The National Pensioners’ Convention is concerned to learn that the BBC will end its ‘licence fee grace period’ for over-75s on 31 July with 260,000 pensioners still yet to pay.
The right to a free TV licence for that age group ended last August for all, except those in receipt of the Pension Credit benefit. We understand that the BBC will issue letters urging those still to pay to do so as soon as possible – and that there will be “customer care visits” to pensioners’ homes this autumn.
The NPC has always believed that the free TV licence for over 75s is a government responsibility – an entitlement to compensate for the low state pension – and that Prime Minister Boris Johnson should take back its administration.
Commenting on the BBC announcement of the end of the grace period, Jan Shortt, NPC General Secretary said:
“We are disappointed to hear that at the end of July the BBC have decided to end the period of grace for those over 75s who still need to pay their TV licence fee.
“This was always somewhat inevitable given the government's inability to engage with organisations like the NPC to ensure that the responsibility for the funding of the free TV licence goes back to where it belongs – with them.
“Social welfare is not the prerogative of the BBC - it is the absolute, unequivocal duty of the government to maintain universal pensioner entitlements like the TV licence, the bus pass and winter fuel allowance.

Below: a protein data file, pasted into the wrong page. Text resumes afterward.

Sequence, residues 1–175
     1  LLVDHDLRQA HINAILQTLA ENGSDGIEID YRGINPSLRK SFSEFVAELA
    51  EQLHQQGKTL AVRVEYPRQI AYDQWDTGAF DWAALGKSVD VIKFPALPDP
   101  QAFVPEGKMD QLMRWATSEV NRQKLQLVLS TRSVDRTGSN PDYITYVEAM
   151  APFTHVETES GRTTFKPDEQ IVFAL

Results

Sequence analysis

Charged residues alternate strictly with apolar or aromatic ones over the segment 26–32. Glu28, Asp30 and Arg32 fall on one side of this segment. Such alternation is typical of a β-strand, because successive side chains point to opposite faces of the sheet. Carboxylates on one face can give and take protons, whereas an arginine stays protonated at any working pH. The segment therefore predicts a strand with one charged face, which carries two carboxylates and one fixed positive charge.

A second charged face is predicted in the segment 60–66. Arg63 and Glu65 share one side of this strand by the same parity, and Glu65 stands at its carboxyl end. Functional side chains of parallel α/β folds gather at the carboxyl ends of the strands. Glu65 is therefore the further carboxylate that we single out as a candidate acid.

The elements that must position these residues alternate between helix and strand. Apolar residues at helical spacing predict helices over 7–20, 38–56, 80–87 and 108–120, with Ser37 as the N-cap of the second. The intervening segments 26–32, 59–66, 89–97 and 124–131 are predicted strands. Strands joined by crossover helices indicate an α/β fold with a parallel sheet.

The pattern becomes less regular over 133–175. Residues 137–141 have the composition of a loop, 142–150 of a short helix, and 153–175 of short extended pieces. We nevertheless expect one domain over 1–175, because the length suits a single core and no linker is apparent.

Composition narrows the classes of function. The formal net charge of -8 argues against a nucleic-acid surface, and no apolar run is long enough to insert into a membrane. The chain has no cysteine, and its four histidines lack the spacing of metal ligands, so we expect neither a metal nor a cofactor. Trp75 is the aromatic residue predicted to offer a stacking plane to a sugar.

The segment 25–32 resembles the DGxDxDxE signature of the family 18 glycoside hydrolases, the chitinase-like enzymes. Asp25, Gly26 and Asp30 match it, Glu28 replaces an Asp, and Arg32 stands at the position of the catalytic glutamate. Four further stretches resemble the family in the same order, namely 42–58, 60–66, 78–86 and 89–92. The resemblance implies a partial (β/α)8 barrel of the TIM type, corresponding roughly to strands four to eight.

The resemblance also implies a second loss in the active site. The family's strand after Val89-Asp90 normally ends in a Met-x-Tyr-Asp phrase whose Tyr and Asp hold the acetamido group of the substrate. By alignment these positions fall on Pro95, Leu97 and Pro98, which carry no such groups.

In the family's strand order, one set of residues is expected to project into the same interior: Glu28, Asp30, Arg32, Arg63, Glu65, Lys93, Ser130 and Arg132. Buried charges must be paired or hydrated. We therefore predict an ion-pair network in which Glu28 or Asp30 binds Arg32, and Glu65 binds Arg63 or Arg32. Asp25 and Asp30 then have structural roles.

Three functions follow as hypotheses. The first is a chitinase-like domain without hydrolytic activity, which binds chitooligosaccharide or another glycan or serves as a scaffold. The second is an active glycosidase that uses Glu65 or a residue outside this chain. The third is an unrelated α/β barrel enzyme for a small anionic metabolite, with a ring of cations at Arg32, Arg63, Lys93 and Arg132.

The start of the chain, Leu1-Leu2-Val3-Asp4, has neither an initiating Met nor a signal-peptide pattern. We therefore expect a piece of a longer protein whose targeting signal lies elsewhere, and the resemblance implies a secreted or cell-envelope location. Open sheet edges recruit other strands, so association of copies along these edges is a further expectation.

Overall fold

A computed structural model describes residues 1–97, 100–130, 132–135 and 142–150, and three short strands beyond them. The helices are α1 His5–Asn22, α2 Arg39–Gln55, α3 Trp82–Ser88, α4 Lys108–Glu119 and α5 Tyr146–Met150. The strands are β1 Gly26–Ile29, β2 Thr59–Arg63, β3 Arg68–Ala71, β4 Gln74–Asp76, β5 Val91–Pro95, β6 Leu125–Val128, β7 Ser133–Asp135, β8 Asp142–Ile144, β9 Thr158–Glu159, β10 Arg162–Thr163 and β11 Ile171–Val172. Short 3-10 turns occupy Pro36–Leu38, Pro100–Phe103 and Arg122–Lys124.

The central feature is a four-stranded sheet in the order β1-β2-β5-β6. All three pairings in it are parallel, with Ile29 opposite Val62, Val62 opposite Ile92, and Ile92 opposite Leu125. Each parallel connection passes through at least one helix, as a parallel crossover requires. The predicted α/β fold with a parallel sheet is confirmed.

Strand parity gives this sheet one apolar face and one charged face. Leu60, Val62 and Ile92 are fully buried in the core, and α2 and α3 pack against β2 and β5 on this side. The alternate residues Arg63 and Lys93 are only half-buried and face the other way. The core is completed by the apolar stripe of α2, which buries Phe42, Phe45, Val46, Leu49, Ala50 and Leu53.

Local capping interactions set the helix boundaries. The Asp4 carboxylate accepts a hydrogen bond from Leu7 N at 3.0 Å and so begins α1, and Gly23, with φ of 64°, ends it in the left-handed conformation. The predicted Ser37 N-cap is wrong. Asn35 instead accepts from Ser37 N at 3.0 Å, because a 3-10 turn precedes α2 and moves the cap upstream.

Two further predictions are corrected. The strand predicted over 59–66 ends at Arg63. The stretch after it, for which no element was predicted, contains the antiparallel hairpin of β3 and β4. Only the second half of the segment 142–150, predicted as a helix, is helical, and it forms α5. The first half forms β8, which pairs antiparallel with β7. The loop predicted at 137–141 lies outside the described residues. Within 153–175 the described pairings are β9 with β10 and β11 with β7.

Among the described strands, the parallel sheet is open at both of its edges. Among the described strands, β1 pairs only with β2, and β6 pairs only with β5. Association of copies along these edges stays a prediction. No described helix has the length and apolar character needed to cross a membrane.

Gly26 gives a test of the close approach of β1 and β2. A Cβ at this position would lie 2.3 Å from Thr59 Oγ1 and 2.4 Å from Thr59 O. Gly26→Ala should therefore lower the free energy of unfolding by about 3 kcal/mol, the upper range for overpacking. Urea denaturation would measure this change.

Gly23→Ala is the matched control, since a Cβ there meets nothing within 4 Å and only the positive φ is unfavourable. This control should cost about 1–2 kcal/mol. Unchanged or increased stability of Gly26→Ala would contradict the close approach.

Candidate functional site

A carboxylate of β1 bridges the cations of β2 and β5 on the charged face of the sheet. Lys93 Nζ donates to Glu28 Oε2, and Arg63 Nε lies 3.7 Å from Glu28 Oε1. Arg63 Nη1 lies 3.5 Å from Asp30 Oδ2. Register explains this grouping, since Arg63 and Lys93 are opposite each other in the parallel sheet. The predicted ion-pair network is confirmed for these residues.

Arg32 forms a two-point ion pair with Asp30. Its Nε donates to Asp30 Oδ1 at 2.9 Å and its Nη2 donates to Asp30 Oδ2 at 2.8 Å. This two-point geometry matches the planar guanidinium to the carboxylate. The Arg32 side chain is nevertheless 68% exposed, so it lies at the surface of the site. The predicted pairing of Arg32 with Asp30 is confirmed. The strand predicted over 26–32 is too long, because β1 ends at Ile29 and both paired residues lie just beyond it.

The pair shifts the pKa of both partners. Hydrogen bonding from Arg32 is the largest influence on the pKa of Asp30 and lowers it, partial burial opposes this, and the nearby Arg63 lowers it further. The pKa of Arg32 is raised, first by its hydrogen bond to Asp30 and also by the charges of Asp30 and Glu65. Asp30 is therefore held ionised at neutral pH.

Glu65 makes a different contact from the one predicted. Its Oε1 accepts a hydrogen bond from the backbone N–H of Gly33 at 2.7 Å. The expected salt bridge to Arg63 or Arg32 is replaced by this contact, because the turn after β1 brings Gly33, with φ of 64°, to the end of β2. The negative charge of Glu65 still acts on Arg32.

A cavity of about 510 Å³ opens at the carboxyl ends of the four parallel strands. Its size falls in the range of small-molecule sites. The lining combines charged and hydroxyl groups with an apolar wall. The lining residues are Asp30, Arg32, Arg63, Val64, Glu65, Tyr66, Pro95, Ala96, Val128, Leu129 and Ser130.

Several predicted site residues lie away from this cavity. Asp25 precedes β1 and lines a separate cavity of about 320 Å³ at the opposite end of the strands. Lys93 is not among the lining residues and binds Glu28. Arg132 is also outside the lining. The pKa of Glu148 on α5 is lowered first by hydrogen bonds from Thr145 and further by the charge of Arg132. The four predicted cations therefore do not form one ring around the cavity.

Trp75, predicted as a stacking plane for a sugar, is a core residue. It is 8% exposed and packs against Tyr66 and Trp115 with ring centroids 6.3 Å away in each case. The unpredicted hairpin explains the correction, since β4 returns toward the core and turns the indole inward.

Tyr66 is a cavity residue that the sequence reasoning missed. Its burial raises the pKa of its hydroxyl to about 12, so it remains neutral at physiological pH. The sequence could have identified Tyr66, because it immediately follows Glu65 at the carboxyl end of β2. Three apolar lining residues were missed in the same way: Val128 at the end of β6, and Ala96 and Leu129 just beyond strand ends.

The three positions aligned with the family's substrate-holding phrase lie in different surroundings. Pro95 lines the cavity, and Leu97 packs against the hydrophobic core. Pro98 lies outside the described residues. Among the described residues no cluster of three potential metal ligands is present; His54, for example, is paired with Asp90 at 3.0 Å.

“The NPC is worried that among those still to pay their licence fee, will be frail and vulnerable people who simply cannot afford it, or who don’t know or understand how to pay - especially with many still frightened to go out, even after their Covid-19 vaccinations. It is concerning that this age group of people could find themselves being put through the stressful court process.
“‘Customer care’ visits must be undertaken with extreme care and understanding. We urge the government to step in and stop all of this from happening.
“With pensioner poverty increasing, the NPC has always been concerned that those who are just above the Pension Credit threshold will potentially fall into poverty. Already, these are the individuals making daily choices about the priorities on which they spend their money. Having to find money for a TV licence is just one more call on their limited resources.
“Pensioner poverty will not be resolved by Pension Credit alone. The NPC campaigns for a decent state pension for all set at 70% of the National Living Wage and uprated by the triple lock on an annual basis. This is affordable in a society that is still one of the wealthiest countries in the economically developed world.”
Download the press release